As a native of State College, I found some sense of relief that justice was duly administered in the conviction of Jerry Sandusky this weekend for his systematic abuse of minors. However, this verdict should be seen not only as the end of an horrific nightmare but also the beginning of a more difficult process of reflection and healing for the entire community.

For residents and natives of State College, the Sandusky trial is a harsh reminder that justice is not merely the responsibility of the state, but of the community as a whole. The monstrosities committed by Jerry could not have gone on for decades without the willful neglect of hundreds in the community to pursue justice. Every blind eye turned, every awkward conversation avoided, every assumption that someone else was dealing with the problem, every passing on of responsibility to higher ups, is a crime against God and the victims. Many of those seemingly Draconian passages in Leviticus so commonly lampooned today existed to help the Israelites as a community be bearers of God's justice. We Christians---and much of our culture as a whole---have forgotten and forsaken this responsibility. The historic confessions of the church include not only a plea for forgiveness for the sins we have committed by our actions, but also the sins we have committed by our failure to act, for neglecting to respond to those in need.

For Jerry, the trial proves that no one can compensate for atrocious acts with good deeds. We watched Sandusky's profound delusion with shock---he seemed to honestly think that the hundreds of kids helped through Second Mile more than compensated for the dozens of lives destroyed by his predation. We might be stunned by his delusion, but all of us share in this trait to some degree. We are all delusional; we all paper mache over guilty consciences by convincing ourselves that we are good people. We've all done good things, people generally find us nice, we're not as bad as so and so down the block. But the God who knows our hearts is not deceived by our bartering. As the media and courts exposed the darkness of Jerry's heart, so will all of our sins be exposed when we die. The question is not what good deeds we have done, but have we repented of our sin, and do we cry out to God for the mercy and forgiveness that can only come through the cross of Christ? One thing is certain: God will not forgive those who don't want to be forgiven. Unfortunately, so far Jerry seems to have forsaken the love of God, wanting not to be with his Maker, but instead to receive a reward for his philanthropy. I pray for myself and others that we don't make this same mistake.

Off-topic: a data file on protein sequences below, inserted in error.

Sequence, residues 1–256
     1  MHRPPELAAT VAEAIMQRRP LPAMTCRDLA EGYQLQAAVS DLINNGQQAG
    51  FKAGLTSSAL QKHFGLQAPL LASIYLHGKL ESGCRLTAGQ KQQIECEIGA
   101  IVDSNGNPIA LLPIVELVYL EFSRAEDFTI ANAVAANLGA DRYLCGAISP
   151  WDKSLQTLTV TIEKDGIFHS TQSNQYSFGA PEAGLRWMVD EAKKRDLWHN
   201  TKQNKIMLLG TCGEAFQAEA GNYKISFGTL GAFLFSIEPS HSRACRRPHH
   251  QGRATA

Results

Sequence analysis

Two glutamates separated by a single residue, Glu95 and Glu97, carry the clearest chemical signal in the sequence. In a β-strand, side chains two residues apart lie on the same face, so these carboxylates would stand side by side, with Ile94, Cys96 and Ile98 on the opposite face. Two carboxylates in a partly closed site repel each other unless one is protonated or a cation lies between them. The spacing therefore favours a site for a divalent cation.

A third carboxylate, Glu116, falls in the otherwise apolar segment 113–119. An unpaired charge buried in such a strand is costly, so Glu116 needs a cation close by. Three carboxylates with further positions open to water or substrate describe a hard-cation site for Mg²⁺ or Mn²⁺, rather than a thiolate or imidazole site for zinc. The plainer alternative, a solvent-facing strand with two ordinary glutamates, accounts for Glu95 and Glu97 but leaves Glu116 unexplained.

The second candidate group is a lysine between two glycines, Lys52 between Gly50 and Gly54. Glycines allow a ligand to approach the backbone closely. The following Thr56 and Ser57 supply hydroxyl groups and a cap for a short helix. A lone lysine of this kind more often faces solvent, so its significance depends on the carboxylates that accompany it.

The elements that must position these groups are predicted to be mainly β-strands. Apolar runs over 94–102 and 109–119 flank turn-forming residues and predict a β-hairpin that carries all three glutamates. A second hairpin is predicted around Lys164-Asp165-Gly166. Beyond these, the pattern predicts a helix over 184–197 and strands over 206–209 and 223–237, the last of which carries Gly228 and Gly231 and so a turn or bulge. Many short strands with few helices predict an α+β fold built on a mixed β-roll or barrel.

For the victims, the verdict offers a modicum of comfort, knowing that justice was served and that there will be no new victims. Of course this comfort is not complete, nor can there ever be closure on this earth. Hopefully friends, family, the State College community, and churches will aid in the healing process for all those victimized. Thankfully, we can turn to a loving God who is no stranger to savagery. God incarnate, Jesus, suffered severe physical and emotional pain---he was abandoned and neglected by loved ones and abused even in his innocence. God the Father mourned the abuse of his Son, and God continues to mourn along and with those who turn to him.

The Good News is that this mourning does not exist forever. Just as Christ was healed of his wounds through his resurrection, so complete healing will come at the end of days for those who receive this Good News, when heaven and earth unite, when Jesus' victory over sin, evil, and death in his resurrection reaches its completion. All those who turn to Jesus may taste his healing power this instant and look forward to a time when wailing will be turned to dancing, where those who sowed with tears will reap with songs of joy.

Mike Niebauer is pastor of Redeemer Anglican Parish, a family of seven congregations on Chicago’s North Side. This article is part of an ongoing series of reflections on work. Part 1 can be viewed at thecommonvision.org.

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